Multipliers Within Tribal & Māori Economies

The local multiplier tool measures how much monetary benefit is circulated and recycled within a community.

There is a strong and pervasive commitment to growing tribal economies and the wider Māori economy. If more money circulates and recycles within a community, greater benefit and value is retained within that community, strengthen and revitalising the economy, creating employment and greater prosperity.

A multiplier tool may assist organisations to direct their contributions to economic growth within the tribal community (an Iwi may have members living outside the rohe), or within a particular rohe (geographical area).

Using a multiplier assessment can help identify

How much economic growth they are contributing to within the community

  • how much economic growth and activity is being stimulated within the tribal community to contribute to greater vitality and prosperity within the Iwi or Māori community
  • how much economic growth and activity is being stimulated within the rohe to highlight the benefit Iwi and Māori economies create for the wider community.

By way of example:

Hemi is a young chap living in Riverton (the deep South). For his birthday, Aunty Mere gives him $50 to spend. Hemi ends up in Dunedin for a whānau event and buys $10 worth of iTunes on a prepaid card. When he gets back to Riverton, he (being a generous chap) buys flowers for his mum for $40. The florist who he buys the flowers from, can happily wander the road to get a haircut, where she spends $30 (80% of the price of the flowers). The hairstylist wants a kai after cutting hair, and shouts her tane to lunch at the RSA which costs $20 and saves the rest for petrol for a hui she wants to go to in town. As a result of the $50 Aunty Mere gave Hemi, $90 has circulated within Riverton because it was recycled and spent within the local community.

The same principle can apply to building tribal and Māori economies, through employing tribal members or contracting whānau SMEs and other businesses.

While determining how much, and in what circumstances organisations should concentrate on recycling money within a community, a practical tool can help measure how much benefit is being recycled within communities and as a result help create targets and track performance.

Model

The basic model for measuring how much benefit is being recycled and retained within communities is:

Formula

The formula is:

(II + R1 + R2) = multiplier value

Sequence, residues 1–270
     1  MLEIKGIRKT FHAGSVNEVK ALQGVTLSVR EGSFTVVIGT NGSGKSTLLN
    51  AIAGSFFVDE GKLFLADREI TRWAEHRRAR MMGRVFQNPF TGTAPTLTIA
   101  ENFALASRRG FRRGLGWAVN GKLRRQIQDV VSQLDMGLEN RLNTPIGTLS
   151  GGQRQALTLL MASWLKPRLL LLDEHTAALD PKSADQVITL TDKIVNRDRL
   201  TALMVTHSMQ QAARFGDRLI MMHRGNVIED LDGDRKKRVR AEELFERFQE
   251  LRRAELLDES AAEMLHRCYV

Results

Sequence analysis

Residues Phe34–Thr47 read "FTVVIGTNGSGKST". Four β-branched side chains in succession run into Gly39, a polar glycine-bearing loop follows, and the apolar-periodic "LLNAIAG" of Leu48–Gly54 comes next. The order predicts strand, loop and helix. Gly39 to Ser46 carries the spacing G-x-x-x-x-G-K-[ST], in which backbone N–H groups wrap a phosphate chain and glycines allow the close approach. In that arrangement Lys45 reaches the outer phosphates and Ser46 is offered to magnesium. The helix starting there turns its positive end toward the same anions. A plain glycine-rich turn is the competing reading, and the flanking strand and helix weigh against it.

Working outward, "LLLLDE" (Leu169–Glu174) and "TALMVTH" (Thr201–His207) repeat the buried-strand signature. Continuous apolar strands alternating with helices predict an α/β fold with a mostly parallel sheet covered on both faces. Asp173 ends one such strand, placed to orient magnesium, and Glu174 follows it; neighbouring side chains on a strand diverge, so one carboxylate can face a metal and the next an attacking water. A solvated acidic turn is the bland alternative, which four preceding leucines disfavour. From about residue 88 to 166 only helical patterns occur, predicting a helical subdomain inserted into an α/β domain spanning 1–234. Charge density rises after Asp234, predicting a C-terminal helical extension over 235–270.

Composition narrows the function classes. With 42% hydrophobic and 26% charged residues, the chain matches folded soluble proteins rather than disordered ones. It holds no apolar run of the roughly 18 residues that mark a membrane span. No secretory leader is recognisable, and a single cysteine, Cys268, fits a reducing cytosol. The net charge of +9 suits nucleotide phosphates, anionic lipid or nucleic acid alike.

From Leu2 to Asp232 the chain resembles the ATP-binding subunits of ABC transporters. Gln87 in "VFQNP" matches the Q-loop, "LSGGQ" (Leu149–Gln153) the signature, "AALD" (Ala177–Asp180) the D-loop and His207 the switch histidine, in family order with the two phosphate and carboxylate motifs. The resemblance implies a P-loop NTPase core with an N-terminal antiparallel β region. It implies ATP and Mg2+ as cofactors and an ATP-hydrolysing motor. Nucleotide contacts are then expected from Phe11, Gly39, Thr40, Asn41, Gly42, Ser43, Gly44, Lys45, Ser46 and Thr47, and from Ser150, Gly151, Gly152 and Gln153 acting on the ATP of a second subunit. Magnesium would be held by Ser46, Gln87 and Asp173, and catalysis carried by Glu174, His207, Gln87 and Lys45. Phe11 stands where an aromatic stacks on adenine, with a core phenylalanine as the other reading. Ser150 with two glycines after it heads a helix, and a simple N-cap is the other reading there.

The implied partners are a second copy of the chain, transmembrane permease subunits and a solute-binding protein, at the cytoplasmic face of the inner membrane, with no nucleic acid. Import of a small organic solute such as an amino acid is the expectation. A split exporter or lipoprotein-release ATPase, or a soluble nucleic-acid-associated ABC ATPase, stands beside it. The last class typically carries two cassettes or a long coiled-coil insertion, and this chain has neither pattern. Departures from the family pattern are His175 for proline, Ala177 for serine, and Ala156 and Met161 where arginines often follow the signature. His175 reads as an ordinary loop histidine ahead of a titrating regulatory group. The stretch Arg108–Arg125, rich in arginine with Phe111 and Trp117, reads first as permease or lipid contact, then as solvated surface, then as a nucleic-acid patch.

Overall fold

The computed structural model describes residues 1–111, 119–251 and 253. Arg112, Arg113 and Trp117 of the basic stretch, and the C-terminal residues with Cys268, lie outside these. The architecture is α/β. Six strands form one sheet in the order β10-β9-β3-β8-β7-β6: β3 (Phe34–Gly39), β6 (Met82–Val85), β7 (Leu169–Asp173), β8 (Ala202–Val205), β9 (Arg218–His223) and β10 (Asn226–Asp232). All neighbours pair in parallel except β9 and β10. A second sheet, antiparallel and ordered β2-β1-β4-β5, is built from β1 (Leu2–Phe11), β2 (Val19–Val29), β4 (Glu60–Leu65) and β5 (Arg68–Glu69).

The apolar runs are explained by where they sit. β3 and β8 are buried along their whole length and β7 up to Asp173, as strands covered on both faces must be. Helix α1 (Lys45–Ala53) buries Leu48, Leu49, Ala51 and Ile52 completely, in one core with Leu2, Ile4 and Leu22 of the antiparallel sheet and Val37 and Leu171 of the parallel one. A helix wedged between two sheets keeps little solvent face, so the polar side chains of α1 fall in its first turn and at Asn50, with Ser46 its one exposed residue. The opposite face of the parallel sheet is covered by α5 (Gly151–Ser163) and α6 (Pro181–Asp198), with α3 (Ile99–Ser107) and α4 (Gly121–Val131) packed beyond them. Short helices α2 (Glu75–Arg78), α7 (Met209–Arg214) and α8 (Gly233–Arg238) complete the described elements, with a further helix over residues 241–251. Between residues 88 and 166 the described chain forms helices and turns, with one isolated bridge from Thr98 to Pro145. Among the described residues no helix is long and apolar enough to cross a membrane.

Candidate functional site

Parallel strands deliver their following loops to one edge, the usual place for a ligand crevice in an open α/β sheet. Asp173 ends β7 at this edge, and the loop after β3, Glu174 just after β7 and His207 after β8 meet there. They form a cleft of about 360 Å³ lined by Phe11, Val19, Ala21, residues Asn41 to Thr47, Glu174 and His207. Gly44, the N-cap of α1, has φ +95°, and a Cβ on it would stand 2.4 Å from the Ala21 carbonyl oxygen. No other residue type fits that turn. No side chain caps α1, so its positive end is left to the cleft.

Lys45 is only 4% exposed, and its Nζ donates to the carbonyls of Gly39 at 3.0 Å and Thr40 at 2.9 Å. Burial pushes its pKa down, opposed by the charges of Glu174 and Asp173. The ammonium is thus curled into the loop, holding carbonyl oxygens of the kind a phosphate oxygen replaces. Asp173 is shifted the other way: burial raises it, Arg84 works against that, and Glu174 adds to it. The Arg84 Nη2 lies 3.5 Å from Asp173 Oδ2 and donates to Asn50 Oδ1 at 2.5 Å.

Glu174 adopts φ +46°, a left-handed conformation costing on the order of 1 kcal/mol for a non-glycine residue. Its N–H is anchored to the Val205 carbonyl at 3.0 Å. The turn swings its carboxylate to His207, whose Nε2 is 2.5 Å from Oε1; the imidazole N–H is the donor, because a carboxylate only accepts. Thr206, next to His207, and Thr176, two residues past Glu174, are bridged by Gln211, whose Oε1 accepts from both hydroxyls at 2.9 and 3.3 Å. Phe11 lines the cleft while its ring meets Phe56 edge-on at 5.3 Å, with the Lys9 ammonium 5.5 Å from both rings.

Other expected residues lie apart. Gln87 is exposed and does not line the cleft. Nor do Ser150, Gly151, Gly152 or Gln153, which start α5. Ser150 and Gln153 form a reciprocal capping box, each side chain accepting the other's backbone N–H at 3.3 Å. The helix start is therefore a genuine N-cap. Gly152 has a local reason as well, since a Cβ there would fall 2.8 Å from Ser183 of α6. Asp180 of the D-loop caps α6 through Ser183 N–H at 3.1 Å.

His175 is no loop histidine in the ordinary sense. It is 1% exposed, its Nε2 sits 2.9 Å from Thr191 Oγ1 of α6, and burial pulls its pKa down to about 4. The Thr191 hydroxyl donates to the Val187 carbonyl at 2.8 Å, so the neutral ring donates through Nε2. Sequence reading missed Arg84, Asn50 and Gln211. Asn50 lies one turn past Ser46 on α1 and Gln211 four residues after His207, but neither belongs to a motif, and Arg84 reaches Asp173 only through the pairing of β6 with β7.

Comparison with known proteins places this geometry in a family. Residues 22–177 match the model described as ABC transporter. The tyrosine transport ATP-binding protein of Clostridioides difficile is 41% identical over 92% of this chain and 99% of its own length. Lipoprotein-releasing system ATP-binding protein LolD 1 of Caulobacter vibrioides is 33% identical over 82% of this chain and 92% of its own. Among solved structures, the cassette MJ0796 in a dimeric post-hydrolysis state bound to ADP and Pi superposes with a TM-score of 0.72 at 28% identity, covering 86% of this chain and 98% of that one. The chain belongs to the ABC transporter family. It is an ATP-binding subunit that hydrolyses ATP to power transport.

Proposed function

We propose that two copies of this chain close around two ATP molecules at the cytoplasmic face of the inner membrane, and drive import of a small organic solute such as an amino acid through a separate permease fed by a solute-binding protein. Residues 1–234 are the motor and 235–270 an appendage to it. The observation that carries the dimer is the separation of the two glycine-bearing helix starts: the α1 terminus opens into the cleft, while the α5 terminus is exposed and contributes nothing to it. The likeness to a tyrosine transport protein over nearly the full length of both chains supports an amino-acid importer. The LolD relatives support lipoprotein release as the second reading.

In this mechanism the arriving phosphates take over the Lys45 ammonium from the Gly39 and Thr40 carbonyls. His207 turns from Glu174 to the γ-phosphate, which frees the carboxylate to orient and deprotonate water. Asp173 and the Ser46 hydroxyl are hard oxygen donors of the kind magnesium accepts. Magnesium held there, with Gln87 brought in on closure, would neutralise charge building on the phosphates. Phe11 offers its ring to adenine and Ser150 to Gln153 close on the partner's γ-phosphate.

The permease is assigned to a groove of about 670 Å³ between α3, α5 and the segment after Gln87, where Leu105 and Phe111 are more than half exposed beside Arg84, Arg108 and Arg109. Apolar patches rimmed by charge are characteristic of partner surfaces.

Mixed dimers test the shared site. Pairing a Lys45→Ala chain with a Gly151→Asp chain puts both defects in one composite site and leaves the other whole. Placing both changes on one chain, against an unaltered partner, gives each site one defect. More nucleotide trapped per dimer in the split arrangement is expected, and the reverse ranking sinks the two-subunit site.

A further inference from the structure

II

II – initial income (ie the annual income of the organisation).

R1 – the amount of initial income spent within the community, including salaries to community members or goods and services purchased from
community members.

R2 – the amount of R1 that is spent within the same community. This information is collected through a survey that asks staff and companies how much they spend within the community.

Multiplier value – this unit determines how much ‘multiplied benefit’ is recycled within the community. The amount of economic growth and activity that the organisation contributes within the community.

It is used in the following way:
The organisation has X Income multiplied by The Multiplier Value equals Y Dollars generated within the community.

For Example: The organisation has $100 000 Income multiplied by 1.8 equals $180 000 generated within the community.

Using the Tool

The multiplier tool could be used to:

Set Targets For Tribal Economic Growth

Once a baseline has been created by completing one evaluation, tribal governors could create targets for how much economic activity and growth the commercial operations should contribute to the tribal or Māori economy each year.

Reporting

Being able to articulate the amount of growth stimulated within the tribal community could be a valuable part of reporting to tribal members on the activities of the commercial operations.

Public Relations

Being able to articulate the amount of economic growth stimulated within the wider community could help with strengthening the relationship between the organisation and wider community by providing a practical way to express some of the contributions the Iwi/community makes to the quality of life in the wider community.

More Information

A practical guidebook, with a comprehensive overview of the multiplier tool and practical examples of survey tools is available at www.neweconomics.org/publications/money-trail

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